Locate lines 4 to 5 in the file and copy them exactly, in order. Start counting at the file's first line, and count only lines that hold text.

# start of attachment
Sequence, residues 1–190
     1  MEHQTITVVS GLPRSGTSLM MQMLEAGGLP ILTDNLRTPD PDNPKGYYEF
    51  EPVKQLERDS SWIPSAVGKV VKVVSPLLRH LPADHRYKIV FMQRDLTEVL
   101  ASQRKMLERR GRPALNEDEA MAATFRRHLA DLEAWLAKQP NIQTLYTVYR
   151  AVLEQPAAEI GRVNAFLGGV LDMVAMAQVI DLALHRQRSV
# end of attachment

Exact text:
   101  ASQRKMLERR GRPALNEDEA MAATFRRHLA DLEAWLAKQP NIQTLYTVYR
   151  AVLEQPAAEI GRVNAFLGGV LDMVAMAQVI DLALHRQRSV